Practices looking to deliver Covid-19 booster shots will need to do so as part of a PCN grouping, NHS England has said after determining doing so at an individual practice level is ‘not operationally feasible’.
Publishing the enhanced service specification for the ‘phase three’ vaccination programme due to start in September, NHS England also confirmed that the co-administration of flu and Covid jabs will take place in ‘trusts, residential care homes, to housebound patients and in other residential settings’.
However, it said that GP practices ‘should continue to plan as usual for this year’s flu season’, with further guidance on the flu programme to follow.
Practices have been given until 28 July to opt in to the programme, which is provisionally due to start on 6 September.
A letter to GP practices said: ‘We have considered carefully whether we could support the administration of the Covid-19 booster vaccines at individual practice level. For a number of reasons, this is not operationally feasible.
‘This is largely due to the need to expand the capacity in the delivery network (to deliver the Covid booster programme alongside the flu programme) but it will only be possible to on-board a limited number of new sites during the summer; the supply chain cannot support deliveries to all practice sites; and it is possible the vaccine characteristics will require at scale working.’
It added: ‘For these reasons practices that wish to participate in the booster programme will need to do so as part of a PCN grouping. We will also give practices the opportunity to change their PCN grouping in phase three if they so wish, taking account of feedback in phase two.’
NHS England also confirmed that a payment of £12.58 will be made to the lead practice of each PCN grouping for each vaccine administered.
An additional £10 will be paid per jab delivered to care home residents and staff and housebound patients, as well as homeless people living in a hostel or hotel ‘where it would not be possible for these patients to attend vaccination sites’, it said.
‘Further additional reasonable costs funding will be available to PCN groupings delivering Covid-19 vaccinations in phase three’ – as well as to those delivering flu jabs – it added.
BMA GP Committee chair Dr Richard Vautrey called for GPs to be given the ‘support and flexibility’ to take part in the booster programme ‘in a way that works best for their patients’.
He said: ‘People know that their GP practice is the best place to get routine vaccinations and nothing shows this more than the annual flu campaign and most recently, the Covid-19 vaccination rollout.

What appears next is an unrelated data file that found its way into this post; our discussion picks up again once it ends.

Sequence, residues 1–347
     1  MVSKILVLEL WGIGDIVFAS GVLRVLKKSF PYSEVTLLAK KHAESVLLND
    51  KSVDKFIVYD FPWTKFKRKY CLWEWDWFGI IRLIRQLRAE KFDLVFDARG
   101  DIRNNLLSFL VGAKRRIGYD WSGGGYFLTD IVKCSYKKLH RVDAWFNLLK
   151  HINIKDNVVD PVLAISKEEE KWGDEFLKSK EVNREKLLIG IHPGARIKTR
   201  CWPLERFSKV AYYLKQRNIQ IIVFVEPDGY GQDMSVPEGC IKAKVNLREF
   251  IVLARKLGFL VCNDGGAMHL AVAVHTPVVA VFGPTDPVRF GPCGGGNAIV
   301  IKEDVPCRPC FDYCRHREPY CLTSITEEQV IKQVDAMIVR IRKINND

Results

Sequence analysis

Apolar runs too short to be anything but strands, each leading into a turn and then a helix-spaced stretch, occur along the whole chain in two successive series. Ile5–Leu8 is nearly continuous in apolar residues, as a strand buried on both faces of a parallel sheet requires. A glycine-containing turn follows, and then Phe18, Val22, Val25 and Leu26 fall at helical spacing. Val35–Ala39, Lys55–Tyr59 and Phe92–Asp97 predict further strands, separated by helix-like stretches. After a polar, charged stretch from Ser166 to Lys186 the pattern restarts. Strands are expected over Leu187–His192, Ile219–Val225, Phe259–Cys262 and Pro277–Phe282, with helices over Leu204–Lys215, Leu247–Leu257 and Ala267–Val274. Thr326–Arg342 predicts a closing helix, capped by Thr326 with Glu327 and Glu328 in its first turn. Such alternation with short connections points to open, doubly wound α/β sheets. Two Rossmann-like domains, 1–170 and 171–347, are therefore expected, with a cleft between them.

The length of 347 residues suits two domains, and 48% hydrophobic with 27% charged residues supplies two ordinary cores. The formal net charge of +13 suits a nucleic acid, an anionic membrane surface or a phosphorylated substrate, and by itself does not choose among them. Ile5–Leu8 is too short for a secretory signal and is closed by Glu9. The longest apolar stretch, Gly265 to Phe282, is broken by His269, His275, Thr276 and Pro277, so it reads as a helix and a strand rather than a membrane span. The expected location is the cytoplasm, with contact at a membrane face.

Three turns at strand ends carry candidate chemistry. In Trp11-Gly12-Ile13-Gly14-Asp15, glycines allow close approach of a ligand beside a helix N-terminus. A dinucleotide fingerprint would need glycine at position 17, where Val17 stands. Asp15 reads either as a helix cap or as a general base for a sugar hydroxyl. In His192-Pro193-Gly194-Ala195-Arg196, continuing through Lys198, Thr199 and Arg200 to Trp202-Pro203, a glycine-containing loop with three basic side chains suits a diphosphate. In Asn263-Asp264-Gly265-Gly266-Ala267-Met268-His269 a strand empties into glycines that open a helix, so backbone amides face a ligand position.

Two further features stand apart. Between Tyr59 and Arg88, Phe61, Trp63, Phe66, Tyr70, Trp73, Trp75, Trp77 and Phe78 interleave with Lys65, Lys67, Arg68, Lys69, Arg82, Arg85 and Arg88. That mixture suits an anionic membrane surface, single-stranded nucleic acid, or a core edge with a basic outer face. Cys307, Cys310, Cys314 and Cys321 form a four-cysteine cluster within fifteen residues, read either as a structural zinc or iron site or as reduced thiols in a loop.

‘So it’s incredibly frustrating to see NHS England once again disregard the voice of hardworking GPs, ignoring our calls – specifically by not doing more to enable all practices to give vaccinations from within their own premises if that’s what they wish to do.’
He added: ‘If they were able to do so, it could limit the impact of the booster campaign on other important GP services. It would also mean GPs and their teams could offer opportunistic vaccinations to patients attending with other illnesses – a strategy that we know increases uptake for flu jabs.
‘Elsewhere in the UK, we have seen GPs giving Covid-19 vaccinations from within their surgery buildings, so there is no good reason for it not to happen in England. And while practices should be able to work together in the campaign, this should not be mandated.’
Earlier this month, NHS England published interim guidance on the booster programme which capped GP involvement in Covid booster jabs at 75% of delivery and said that practices are ‘actively encouraged’ to pool flu vaccines to enable co-administration with the Covid vaccine at a PCN grouping level.
Meanwhile, Pulse revealed last month that almost 60% of GP partners taking part in the Covid vaccination programme want to administer the jabs from their own site but have not had the opportunity.
The Pulse survey of GP partners also found that 5% of practices that were taking part in phase one of the Covid vaccination programme opted out of phase two because they were unable to administer the jabs themselves.
Health secretary Matt Hancock also previously said that he will investigate the possibility of Covid vaccinations being administered from individual GP practices.
A version of this story first appeared on our sister title, Pulse.